Collaboration is incredibly useful, but it can be tricky to manage. How can you keep track of what your colleagues have changed? And how do you know if they’ve gotten a little trigger-happy with the delete key? If they forget to hit ‘Track Changes’ then precious data, wording, or structure may be lost to the abyss. But did you know Microsoft Word has a handy feature that let’s you merge two versions of a document so you can keep all the information you need with minimal hassle?

Here’s a simple step-by-step guide to merging two versions of a document.

Step 1

Open both versions of the document and save them locally (preferably in the same folder, if you like things neat and tidy!).

Merge two versions of a document

Step 2

Go to your original document, then click on the Review tab at the top. Then, click on the little arrow under Compare, and select Combine.

Step 3

A dialog box will open. In the two fields at the top, enter the two different files that need combining. Make sure you show changes at character level and combine both in a New Document. You don’t need to modify the other options. Click OK.

Merge two versions of a document

Step 4

Using Accept and Reject, go through the different edits to select which versions you would like to keep.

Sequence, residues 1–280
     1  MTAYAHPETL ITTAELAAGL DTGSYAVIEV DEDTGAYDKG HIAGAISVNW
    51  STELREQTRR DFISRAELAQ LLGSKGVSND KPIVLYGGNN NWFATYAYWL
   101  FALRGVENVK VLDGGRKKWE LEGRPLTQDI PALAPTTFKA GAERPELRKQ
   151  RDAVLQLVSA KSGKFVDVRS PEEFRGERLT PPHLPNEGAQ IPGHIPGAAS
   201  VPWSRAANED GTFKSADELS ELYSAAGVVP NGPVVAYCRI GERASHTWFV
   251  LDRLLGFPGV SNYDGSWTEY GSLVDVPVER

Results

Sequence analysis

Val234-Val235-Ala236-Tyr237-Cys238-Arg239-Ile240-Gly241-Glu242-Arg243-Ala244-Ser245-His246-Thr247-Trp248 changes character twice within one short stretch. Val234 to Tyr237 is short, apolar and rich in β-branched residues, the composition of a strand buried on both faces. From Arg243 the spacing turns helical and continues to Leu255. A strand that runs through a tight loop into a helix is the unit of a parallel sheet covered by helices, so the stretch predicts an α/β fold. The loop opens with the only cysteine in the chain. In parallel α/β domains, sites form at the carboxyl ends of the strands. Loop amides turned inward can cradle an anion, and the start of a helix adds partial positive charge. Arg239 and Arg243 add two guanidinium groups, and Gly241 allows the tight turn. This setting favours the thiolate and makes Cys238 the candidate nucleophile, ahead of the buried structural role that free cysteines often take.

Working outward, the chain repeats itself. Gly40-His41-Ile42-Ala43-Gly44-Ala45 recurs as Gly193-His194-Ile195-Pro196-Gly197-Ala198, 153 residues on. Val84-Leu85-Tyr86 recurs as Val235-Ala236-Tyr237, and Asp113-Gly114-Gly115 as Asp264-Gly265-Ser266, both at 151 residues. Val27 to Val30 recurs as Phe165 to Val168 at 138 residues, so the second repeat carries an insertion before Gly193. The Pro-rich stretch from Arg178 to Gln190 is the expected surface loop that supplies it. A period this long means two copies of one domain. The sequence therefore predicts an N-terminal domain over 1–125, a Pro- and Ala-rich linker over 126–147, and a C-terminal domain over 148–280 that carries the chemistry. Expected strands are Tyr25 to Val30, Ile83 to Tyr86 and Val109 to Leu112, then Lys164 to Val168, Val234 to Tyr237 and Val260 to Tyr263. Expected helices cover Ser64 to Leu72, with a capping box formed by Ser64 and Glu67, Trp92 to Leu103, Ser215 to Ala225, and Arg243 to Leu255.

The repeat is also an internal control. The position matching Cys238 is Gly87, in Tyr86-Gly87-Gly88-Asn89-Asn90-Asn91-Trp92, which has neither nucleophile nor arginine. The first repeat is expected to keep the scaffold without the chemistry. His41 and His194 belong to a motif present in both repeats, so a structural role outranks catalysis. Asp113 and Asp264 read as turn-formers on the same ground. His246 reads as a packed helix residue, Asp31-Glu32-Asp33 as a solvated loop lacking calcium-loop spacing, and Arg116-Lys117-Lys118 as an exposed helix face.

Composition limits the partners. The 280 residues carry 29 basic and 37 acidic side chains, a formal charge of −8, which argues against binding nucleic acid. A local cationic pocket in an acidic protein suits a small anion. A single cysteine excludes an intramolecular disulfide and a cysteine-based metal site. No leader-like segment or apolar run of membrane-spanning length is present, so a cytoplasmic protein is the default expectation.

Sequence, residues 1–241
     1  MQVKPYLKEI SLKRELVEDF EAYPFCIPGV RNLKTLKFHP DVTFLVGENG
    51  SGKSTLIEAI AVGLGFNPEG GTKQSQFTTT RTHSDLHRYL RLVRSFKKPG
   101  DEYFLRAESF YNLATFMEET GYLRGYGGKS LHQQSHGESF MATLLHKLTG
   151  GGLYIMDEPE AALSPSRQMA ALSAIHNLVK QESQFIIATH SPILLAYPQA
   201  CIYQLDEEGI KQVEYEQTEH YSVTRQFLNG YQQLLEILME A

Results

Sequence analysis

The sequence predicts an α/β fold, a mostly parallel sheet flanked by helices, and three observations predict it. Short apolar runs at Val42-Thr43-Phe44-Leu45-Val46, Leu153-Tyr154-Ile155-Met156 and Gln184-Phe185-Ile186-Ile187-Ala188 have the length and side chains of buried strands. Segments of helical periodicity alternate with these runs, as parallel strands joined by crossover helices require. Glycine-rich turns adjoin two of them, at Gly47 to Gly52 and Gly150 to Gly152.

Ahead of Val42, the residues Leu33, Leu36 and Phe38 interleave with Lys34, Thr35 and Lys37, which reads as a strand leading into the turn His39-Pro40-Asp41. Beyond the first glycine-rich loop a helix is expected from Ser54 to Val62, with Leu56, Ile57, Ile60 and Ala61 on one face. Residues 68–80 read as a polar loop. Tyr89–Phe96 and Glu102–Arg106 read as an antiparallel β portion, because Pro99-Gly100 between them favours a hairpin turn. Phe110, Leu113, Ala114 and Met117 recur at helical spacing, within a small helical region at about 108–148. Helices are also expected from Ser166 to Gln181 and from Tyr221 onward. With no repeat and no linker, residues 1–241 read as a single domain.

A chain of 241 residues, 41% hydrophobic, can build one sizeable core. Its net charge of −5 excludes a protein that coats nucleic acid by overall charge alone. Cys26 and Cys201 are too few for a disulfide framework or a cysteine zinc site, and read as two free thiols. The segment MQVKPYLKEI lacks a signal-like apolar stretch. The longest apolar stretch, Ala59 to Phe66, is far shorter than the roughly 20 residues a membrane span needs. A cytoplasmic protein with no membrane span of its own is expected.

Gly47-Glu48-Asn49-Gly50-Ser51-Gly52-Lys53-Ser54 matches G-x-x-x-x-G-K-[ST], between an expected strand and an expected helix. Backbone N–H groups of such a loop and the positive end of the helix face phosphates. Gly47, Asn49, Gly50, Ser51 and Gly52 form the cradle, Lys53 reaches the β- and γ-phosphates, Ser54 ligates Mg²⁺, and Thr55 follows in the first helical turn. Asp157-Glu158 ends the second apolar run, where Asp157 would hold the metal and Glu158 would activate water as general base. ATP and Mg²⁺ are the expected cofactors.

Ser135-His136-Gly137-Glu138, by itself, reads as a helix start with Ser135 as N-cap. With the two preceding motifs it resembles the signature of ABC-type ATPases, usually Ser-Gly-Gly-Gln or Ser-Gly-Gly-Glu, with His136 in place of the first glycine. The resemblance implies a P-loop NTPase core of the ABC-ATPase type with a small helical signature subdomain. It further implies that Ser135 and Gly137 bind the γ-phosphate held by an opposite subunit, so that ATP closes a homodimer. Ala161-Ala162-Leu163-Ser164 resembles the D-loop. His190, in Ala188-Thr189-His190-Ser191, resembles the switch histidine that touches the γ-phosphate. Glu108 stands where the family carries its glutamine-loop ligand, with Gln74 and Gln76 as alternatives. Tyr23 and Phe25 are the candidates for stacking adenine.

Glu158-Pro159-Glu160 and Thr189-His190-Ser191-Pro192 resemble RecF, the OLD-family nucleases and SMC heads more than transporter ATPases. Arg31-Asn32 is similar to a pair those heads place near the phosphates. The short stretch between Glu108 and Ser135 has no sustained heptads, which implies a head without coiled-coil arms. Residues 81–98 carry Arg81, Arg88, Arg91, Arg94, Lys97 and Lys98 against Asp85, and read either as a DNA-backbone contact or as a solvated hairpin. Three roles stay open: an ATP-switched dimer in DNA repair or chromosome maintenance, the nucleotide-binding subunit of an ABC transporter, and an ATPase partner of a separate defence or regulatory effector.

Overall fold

Step 5

Once you’re done, you can save your file as the new version and speak sternly to your team about using Track Changes.

One final note on version control

This handy trick takes the fear out of collaborative work, but be aware that it’s only available in Microsoft Word. If you get your presentation outline into PowerPoint without any hiccups, you’ll have to rely on everyone’s favourite ‘Save As’ option to keep version control in line. Lots of companies have different ways of keeping this in check – some use the date, others use initials. We, however, think the simplest way to keep track is to use a numbering system beginning at 01. That way all of your files will display in order when you arrange them by name; if you edit a file twice in on one day it won’t get confused with another version; and you don’t have to work out whose initials are whose to find the last person who edited the file.

For an interesting approach to collaborative presentations, see what Hannah said about teamwork using Google Slides.

Leave a comment
Written by

Ingrid Mengdehl

Senior design consultant

View Ingrid Mengdehl's profile

Related articles

Leave a Reply

Join the BrightCarbon mailing list for monthly invites and resources

Tell me more!

This is awesome! You guys are great to work with and we will absolutely recommend you to others.

John Capuano Lone Beacon